Don’t Freak Out Over the Red Piranha Found in Louisiana
If you haven't heard, the entire state is rethinking their swimming plans now that an honest-to-goodness Red Piranha has been found in a Louisiana lake. You read that right, the much-sensationalized, razor-toothed fish famous for devouring large animals in a fury of swirling, red water has been found right here in the Sportsman's Paradise.
According to the official press release from the Louisiana Department of Wildlife and Fisheries (LDWF), the catch of the year happened at University Lakes in Baton Rouge. That's where a single Red Piranha specimen was recovered. As you can probably deduce, these blender-fish are as invasive as an invasive species can get - but you don't need to freak out just yet.
The reason we haven't already taken to dynamite-fishing these guys out of our waterways is this: a lone piranha doesn't quite constitute a threat to life and limb. The reason these things are so scary is that they never hunt alone - their terrifying key to victory lies in numbers. According to the Smithsonian, it would take 300-500 of these fish to devour a human - and there has never been a recorded case of it happening outside of a James Bond movie. Reportedly, the closest case involved someone having a heart attack while swimming. When that body was recovered, it showed evidence of a few piranha bites.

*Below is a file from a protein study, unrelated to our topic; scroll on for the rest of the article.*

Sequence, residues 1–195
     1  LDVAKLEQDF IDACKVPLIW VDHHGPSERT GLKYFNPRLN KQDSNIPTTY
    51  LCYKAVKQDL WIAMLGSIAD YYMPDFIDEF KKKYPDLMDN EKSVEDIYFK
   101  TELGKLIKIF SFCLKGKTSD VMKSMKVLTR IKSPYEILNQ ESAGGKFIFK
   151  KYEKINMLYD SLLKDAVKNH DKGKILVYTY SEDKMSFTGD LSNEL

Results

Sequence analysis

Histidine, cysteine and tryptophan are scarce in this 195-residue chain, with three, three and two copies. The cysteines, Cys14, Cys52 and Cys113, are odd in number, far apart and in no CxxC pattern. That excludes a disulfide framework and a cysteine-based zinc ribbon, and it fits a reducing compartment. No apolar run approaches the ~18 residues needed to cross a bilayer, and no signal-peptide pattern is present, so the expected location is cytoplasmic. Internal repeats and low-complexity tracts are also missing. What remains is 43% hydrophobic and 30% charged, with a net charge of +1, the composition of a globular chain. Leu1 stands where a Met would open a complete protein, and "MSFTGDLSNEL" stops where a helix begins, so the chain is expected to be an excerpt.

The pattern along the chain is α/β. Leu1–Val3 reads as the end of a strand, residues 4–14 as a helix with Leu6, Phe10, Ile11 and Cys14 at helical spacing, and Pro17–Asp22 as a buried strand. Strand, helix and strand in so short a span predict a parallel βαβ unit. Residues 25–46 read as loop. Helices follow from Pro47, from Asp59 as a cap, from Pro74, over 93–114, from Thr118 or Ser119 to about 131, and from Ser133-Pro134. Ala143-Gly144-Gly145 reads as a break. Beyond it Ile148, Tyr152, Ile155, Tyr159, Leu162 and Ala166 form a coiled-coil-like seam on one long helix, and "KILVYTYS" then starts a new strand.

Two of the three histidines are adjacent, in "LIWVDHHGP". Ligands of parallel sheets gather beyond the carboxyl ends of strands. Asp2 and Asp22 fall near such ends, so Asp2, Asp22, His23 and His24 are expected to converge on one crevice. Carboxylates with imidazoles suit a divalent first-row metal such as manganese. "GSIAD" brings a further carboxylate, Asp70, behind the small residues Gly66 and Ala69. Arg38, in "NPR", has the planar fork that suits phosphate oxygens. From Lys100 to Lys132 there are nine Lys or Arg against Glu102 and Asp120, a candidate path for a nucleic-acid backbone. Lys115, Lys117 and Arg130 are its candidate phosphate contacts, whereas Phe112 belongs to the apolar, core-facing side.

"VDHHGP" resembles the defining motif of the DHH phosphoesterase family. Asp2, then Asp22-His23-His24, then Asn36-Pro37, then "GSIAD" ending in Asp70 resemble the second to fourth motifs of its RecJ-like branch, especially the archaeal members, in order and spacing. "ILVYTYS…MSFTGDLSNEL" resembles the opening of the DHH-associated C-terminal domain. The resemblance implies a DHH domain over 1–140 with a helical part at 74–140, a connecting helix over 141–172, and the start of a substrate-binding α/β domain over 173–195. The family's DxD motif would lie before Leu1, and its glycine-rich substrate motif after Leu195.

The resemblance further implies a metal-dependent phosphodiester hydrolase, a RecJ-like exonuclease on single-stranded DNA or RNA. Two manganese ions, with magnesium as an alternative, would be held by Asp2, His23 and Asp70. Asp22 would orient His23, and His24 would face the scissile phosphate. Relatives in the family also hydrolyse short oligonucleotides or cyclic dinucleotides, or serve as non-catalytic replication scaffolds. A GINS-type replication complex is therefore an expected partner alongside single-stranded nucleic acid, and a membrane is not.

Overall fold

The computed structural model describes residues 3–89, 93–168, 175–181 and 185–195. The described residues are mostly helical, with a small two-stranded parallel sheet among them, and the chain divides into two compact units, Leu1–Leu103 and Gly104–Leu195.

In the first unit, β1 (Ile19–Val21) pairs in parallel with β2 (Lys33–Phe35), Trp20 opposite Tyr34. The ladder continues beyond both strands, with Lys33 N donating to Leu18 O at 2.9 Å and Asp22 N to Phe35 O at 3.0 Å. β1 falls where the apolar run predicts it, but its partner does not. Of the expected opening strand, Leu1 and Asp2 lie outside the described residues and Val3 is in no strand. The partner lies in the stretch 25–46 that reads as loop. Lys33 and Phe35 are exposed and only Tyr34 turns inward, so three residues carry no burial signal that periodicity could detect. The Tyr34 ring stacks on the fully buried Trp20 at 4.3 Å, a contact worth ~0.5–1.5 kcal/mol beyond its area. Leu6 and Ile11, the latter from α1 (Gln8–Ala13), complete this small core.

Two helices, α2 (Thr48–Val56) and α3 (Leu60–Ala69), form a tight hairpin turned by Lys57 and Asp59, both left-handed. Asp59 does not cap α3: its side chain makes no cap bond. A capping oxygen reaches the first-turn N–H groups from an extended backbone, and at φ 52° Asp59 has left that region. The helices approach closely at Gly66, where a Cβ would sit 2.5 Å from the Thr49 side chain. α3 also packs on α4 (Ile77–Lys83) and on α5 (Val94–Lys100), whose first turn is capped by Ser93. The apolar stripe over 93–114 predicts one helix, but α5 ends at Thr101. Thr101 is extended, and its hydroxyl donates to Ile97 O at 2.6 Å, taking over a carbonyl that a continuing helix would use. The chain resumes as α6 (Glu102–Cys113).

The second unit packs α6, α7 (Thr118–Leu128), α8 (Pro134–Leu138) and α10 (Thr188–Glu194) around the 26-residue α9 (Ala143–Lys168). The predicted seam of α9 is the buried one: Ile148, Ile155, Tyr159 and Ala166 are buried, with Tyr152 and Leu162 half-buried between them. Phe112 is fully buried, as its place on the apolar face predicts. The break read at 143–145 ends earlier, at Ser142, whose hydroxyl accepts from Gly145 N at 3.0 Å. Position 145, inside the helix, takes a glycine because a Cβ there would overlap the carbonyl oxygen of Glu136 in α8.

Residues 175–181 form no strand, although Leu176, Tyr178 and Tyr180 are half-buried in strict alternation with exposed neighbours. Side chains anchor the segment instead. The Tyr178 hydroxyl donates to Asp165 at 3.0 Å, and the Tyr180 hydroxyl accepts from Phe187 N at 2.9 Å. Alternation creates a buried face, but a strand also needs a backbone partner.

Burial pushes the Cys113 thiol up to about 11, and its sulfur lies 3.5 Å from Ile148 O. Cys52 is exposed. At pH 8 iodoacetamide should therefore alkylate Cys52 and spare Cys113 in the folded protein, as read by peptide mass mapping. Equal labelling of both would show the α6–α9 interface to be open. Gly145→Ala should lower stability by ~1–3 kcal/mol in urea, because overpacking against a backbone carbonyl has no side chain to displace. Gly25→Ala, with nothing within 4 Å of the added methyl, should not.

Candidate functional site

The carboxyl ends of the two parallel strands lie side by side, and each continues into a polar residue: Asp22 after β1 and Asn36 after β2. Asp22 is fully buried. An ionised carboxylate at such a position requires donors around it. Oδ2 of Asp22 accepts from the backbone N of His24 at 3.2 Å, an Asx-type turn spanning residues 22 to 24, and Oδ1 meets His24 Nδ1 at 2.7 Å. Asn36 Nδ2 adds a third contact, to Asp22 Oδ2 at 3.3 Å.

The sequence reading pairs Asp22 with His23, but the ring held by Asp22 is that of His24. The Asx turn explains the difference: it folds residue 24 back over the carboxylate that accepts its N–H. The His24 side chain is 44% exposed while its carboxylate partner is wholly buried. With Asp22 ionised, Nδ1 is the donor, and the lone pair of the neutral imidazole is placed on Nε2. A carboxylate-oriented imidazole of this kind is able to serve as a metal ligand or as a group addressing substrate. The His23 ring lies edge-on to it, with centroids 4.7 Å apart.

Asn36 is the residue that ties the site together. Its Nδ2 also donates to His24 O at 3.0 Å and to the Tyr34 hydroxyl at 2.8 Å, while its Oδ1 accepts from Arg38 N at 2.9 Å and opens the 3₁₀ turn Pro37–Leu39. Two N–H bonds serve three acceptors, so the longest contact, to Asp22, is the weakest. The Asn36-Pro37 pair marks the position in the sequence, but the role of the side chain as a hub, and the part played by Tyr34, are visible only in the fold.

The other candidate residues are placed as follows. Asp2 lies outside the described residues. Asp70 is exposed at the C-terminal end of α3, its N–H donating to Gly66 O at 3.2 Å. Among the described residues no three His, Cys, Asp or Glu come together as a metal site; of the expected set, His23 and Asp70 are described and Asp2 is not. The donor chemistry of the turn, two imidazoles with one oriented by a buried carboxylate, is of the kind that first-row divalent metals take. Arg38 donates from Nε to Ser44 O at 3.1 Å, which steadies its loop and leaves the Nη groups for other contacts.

The bloody legends that surround this terror-fish probably date back to at trip Teddy Roosevelt took to South America in 1913. The locals stretched a net across a river to catch the fish and starve them. When Teddy showed up, they released the fish and tossed in a dead cow which the fish devoured in moments. Mr. Roosevelt spread the story far and wide (with a bit of embellishment) - and the rest is history.
With that in mind, the lone fish found in our backyard poses little threat unless hundreds of his buddies show up next. Most likely, he is a long lost pet. That being said, if you see another (or more), please report right away to the LDWF. The aquatic invasive species hotline is 225-765-3977.
Experts say if you catch one while fishing - don't return it to the water. Good luck getting it off of the hook!